No, when the SD card wears out the only way to fix it is to replace the SD card. Restarting the RPi will do nothing to fix the problem. And as discussed above, disconnecting the power has a high liklihood of causing your SD card to become corrupted which will only exacerbate the problem. Never pull the power from an SD card driven device unless you have no other choice.

But over all, no matter what you run on, there will be failures. You must have a good backup and restore procedure. Once you have that, then using a more robust system, whatever that may be, really only buys you time between failures. So you need to weigh whether it is worth the extra time to set up something more complex.

Hi Rich,

Well they do say “a little knowledge is a dangerous thing”, I’m sure there is a German equivalent…

Any ways I wonder if you might be able to assist me out of this one…:

I ran

sudo visudo

And added lines

root    ALL=(ALL:ALL) ALL
openhab ALL=(ALL:ALL) ALL
osmc    ALL=(ALL:ALL) ALL



but I think I messed up as my usual login is with openhabian and not openhab… so now I’m unable to access that file to edit it as i get the message:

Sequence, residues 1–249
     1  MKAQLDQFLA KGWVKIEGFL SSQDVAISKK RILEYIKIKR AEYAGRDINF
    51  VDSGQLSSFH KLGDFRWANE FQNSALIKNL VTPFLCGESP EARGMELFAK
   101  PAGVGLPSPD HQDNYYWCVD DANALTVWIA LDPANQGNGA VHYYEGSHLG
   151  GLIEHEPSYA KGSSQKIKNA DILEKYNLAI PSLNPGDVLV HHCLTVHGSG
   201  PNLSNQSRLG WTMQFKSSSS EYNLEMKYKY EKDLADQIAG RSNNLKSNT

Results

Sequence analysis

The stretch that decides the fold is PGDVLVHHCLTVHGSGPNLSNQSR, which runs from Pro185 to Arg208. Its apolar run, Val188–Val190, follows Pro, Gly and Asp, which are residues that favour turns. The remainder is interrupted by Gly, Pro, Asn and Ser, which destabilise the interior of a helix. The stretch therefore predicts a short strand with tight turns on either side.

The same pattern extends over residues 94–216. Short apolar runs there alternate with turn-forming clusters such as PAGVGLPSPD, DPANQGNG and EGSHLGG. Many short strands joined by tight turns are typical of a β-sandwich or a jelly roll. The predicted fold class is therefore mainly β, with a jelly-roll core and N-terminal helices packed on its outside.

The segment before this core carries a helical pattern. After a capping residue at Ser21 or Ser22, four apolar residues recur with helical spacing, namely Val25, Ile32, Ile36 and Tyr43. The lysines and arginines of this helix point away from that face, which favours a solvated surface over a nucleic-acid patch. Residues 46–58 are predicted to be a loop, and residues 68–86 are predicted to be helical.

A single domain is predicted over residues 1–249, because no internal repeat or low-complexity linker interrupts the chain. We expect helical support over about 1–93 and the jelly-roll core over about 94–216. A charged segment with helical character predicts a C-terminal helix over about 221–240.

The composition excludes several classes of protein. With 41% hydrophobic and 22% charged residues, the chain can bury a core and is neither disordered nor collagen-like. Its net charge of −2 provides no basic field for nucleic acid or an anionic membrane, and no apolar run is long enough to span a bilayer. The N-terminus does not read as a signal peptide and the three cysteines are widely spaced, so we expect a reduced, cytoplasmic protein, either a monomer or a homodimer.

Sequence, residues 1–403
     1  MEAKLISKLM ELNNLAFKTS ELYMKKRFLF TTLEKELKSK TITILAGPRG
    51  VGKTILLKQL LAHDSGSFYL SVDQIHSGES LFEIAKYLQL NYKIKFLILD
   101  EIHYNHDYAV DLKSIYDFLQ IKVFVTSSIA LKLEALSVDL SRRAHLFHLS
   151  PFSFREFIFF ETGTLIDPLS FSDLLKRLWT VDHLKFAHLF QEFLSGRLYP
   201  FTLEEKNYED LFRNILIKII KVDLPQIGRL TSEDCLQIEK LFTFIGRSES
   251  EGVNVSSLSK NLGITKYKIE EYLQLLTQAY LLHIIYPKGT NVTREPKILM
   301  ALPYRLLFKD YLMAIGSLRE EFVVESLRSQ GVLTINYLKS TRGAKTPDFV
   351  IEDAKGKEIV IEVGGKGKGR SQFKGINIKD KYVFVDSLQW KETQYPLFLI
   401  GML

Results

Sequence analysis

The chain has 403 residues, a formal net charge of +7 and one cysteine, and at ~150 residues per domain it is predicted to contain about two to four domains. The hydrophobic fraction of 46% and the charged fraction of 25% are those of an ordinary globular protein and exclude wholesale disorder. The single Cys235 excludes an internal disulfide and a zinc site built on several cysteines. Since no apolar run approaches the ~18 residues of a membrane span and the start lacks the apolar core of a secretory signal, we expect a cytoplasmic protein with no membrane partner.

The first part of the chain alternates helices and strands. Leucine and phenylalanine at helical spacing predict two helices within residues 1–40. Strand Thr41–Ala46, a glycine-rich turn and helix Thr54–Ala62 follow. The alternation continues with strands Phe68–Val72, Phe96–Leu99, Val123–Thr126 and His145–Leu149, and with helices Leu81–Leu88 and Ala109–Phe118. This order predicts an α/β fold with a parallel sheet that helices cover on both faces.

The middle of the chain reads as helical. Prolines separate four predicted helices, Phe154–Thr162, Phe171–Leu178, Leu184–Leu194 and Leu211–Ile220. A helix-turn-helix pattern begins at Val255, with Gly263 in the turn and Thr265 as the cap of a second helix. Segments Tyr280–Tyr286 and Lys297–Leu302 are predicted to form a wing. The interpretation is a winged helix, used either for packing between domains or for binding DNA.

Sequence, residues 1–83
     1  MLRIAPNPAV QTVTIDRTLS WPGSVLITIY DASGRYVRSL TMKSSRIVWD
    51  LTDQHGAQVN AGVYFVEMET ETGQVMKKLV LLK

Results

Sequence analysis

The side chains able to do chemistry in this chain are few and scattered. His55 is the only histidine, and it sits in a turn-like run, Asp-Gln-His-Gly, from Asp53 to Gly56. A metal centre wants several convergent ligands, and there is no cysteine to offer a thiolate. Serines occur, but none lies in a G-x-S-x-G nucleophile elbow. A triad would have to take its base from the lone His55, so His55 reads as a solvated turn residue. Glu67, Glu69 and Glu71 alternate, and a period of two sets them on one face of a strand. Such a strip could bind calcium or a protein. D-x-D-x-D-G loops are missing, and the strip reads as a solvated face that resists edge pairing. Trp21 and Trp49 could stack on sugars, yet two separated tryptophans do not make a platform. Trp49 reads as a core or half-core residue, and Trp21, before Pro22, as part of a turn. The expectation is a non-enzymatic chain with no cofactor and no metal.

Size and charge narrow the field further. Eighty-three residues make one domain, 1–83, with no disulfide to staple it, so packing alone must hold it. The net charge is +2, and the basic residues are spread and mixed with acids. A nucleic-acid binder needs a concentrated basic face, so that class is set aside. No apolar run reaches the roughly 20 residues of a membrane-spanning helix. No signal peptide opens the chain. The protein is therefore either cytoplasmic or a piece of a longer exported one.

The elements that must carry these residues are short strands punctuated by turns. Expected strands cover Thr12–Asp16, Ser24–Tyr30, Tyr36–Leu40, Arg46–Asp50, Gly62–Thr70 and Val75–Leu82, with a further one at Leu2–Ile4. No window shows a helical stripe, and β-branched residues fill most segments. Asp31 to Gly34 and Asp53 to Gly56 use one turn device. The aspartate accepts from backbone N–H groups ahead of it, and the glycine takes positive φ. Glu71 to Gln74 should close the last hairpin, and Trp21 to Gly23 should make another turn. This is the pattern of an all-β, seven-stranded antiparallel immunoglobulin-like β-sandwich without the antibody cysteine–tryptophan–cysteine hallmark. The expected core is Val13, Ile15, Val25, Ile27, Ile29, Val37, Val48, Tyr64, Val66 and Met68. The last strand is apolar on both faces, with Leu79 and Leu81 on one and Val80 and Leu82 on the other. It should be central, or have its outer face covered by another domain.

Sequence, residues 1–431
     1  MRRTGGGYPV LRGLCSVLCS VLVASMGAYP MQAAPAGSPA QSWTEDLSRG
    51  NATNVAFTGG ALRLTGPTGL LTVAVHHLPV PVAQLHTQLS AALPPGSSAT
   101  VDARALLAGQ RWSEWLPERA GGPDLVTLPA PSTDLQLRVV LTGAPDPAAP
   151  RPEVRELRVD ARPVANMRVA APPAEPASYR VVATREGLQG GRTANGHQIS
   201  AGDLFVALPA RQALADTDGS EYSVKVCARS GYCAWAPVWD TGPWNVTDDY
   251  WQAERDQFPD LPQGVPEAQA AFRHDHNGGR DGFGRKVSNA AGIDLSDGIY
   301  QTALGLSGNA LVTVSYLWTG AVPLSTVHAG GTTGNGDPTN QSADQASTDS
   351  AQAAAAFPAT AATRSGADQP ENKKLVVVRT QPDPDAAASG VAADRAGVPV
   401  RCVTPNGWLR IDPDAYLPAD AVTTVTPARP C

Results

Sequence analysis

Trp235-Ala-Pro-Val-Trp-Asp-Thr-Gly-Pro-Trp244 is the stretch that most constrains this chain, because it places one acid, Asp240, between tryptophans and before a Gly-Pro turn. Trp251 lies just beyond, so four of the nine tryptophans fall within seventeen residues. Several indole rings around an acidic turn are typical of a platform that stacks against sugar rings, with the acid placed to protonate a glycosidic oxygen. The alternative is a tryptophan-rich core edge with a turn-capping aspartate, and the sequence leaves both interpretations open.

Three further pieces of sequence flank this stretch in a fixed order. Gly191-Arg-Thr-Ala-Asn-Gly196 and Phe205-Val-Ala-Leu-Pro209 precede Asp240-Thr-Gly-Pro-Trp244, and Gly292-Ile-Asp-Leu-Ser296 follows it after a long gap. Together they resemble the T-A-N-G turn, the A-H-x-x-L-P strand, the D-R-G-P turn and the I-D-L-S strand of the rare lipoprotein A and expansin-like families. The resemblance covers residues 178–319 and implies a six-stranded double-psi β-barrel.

openhabian is not in the sudoers file.  This incident will be reported.

Any advise (apart from the obvious :slight_smile: )

Thanx in anticipation…

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Ouch. So your solution is to:

  • start over
  • mount the SD card on another Linux system and run visudo -f /path/to/sudoers/on/sdcard and add openHABian back in.

I don’t think it is required to modify sudoers to give openhab sudo permission. I think you just need to added the openHAB user to the sudoers group. I could be wrong with openHABian though. That is how standard raspbian works.

Finally, please don’t give openhab full sudo permission on everything. You may as well run OH as root. If you must give openhab sudo, only do so for those commands it needs.

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Thanx for your advice…I have to wait for two weeks until I return home to be able to do that fix.

Will let you know how it goes then.